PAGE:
Since opening its doors last October to wary mom-and-pop-loving Santa Barbarans, Whole Foods Market has settled into town quite nicely. Relatively small and relaxed in its cozy upper State Street corner, the chain grocery store has admittedly done a fine job of feeling “local” in lieu of its corporate nametag. And on September 30, Whole Foods made perhaps its grandest gesture to locavores yet, introducing its new “A Collaboration” wine label.

The project marries the market with Santa Barbara County’s wine country under the new label, as local winemakers worked closely with Whole Foods to develop the line of wines. Shoppers will find the wines on the shelves of three Southern California locations: the new Huntington Beach store, the Venice store, and, of course, in Santa Barbara.

The congenially affordable wines grace the three locations’ wine sections thanks to Whole Foods Market specialty coordinator Chris Giuliano. Enthusiastic and personable, Giuliano expressed genuine excitement about Santa Barbara County’s wine industry and a thirst to share it with Whole Foods customers in a new way. He came up with “A Collaboration” after asking himself, “How are we going to bring the vineyards back to our store? How are we going to bridge what’s going on [in Santa Barbara wine country] and tell those stories here in our stores? What does that story look like on our shelves?”

Enamored by his adventures in the wine region, Giuliano wanted to create Santa Barbara-wine-savvy Whole Foods employees and shoppers, using materials like detailed AVA (American Viticulture Area) maps and winemaker profiles. This part of the project, Giuliano sincerely divulged, “I am so excited about” because “customers can really interact [with the wine department] and get information so that they can understand a little bit more about what we’re trying to do.”

Doug Margerum
Paul Wellman (file)

So far, he has pursued two of his favorite wineries, spending time and working one-on-one with winemakers Doug Margerum of Margerum Wines, and Frank Ostini and Gray Hartley of The Hitching Post Winery. Giuliano has been surprised at how happy and helpful the vintners have been, especially at the chaotic dawning of harvest.

Margerum, whose “A Collaboration” premiered on September 30 as the first of the series, never felt a twinge of apprehension about the project. Tired and amazed at witnessing several restaurants emphasize locally-farmed foods yet pour corporate wines from afar, Margerum admires the corporate chain for its excitement about local wines. “Winemakers here are making wines to go with the cuisine, the temperature, the climate,” he remarked. “We’re making wines for this area, this is where we live.” So he gladly let Giuliano into his winery, allowed him to select what he wanted “down to every single frickin’ barrel,” and blended it for him.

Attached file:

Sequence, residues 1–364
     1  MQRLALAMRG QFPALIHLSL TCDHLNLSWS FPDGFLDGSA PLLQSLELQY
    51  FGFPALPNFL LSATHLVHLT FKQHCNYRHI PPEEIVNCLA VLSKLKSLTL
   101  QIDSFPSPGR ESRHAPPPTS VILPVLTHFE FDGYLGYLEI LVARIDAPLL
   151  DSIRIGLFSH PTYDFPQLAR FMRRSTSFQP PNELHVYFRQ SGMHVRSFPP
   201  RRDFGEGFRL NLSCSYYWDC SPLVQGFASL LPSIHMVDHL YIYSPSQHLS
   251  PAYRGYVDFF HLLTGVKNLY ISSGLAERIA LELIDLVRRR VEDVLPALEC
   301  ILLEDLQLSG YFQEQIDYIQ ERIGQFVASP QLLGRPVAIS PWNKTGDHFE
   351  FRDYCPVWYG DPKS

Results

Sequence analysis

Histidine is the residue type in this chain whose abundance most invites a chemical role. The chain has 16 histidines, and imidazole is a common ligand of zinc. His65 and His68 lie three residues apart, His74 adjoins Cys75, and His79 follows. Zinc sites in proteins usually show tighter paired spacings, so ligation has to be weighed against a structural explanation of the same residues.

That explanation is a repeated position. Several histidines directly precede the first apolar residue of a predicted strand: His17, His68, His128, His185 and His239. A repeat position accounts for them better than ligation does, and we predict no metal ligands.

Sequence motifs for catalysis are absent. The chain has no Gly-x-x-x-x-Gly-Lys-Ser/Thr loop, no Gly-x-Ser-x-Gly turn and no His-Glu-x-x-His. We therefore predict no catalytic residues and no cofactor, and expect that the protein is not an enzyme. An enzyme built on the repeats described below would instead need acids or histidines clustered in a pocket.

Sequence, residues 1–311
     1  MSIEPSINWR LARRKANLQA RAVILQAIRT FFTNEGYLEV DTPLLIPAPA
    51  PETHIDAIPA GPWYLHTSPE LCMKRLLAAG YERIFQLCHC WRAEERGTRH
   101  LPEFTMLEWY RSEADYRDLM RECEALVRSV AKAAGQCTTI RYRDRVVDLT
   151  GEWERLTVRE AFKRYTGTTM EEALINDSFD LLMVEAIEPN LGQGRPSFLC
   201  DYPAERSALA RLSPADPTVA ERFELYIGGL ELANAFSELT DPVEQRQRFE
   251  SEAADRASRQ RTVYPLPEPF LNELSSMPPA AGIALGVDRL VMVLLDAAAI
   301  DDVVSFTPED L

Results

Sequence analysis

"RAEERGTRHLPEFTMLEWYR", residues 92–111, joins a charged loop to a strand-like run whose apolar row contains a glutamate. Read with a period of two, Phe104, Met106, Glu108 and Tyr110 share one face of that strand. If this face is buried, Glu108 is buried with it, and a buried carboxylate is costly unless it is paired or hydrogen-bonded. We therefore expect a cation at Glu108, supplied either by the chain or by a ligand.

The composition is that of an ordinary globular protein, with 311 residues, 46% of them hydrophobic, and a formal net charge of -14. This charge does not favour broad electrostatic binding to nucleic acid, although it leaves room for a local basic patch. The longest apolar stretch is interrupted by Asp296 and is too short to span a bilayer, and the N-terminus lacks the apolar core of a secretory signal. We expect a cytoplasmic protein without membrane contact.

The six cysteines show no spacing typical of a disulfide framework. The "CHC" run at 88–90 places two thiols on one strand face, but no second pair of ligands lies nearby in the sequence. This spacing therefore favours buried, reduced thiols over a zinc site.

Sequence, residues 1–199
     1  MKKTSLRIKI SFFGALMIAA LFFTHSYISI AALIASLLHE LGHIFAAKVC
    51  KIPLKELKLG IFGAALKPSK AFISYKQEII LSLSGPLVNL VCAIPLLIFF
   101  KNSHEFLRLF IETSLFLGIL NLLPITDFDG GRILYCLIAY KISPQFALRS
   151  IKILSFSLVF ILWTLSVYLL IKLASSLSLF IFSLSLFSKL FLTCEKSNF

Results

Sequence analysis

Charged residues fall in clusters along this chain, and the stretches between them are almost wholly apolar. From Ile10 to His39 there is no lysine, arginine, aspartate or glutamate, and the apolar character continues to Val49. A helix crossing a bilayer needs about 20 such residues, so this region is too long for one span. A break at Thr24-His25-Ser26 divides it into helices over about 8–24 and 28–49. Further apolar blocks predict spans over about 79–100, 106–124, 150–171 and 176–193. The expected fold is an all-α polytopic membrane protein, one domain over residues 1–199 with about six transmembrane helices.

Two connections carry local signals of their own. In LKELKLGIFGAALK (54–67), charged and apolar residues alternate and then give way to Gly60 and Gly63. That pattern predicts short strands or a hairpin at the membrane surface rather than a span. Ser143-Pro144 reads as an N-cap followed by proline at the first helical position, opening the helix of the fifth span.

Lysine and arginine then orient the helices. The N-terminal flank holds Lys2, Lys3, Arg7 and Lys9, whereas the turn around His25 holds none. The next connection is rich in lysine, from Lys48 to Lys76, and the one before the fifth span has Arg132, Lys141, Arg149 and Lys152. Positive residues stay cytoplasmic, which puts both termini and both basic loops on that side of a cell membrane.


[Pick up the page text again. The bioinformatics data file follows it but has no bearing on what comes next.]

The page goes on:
In many ways, working with Margerum means working with the whole county. Because he buys fruit from various vineyards and works with several wineries, the first “A Collaboration” — which uses six grape varietals from 12 vineyards — represents a wide range of the region’s industry.

Similarly, Hitching Post Winery winemakers Ostini and Hartley quickly jumped on “A Collaboration,” happy to help the company they’ve worked with for over a decade. In fact, like Margerum, the two gave Whole Foods ample freedom, ending up with a wine they never would have made on their own. “We’re pinot noir producers, but this wine is different — full of flavors, in-your-face, showy,” said Ostini. “It’s a very young, rich wine.” The 75 percent valdiguie (a varietal unfamiliar even to wine know-it-alls), 25 percent ayrah “A Collaboration” blend will show up in stores mid-October. “We’re happy to show that we, too, are able to make something different and original,” he explained. Plus, Ostini reasoned, “it’s very affordable to try.”

Talking to Giuliano, Margerum, and Ostini and Hartley reveals that, aside from tons of fruit and labor, an amazing amount of mutual respect has made its way into the first two “A Collaboration” wines. Margerum sees the market as a leader in Southern California’s hopefully budding local wine movement. On a smaller scale, he possesses a personal affinity for the chain. “Whole Foods is incredible,” Margerum raved. “I have a 13-year-old kid and one of the things we like to do is go to Whole Foods. It’s so much fun.”

If all continues to run as smoothly as it has so far, Giuliano hopes to create a dozen “A Collaboration” wines per year, enthusiastically pointing out the endless diversity of Santa Barbara County wines. “We feel really committed to our wine-growing and wine-producing partners,” Giuliano resolved, “and in order to tell their story, give the wines they make a higher profile, and engage customers in what they’re doing, somebody needed to do more than just put it on their shelf.”


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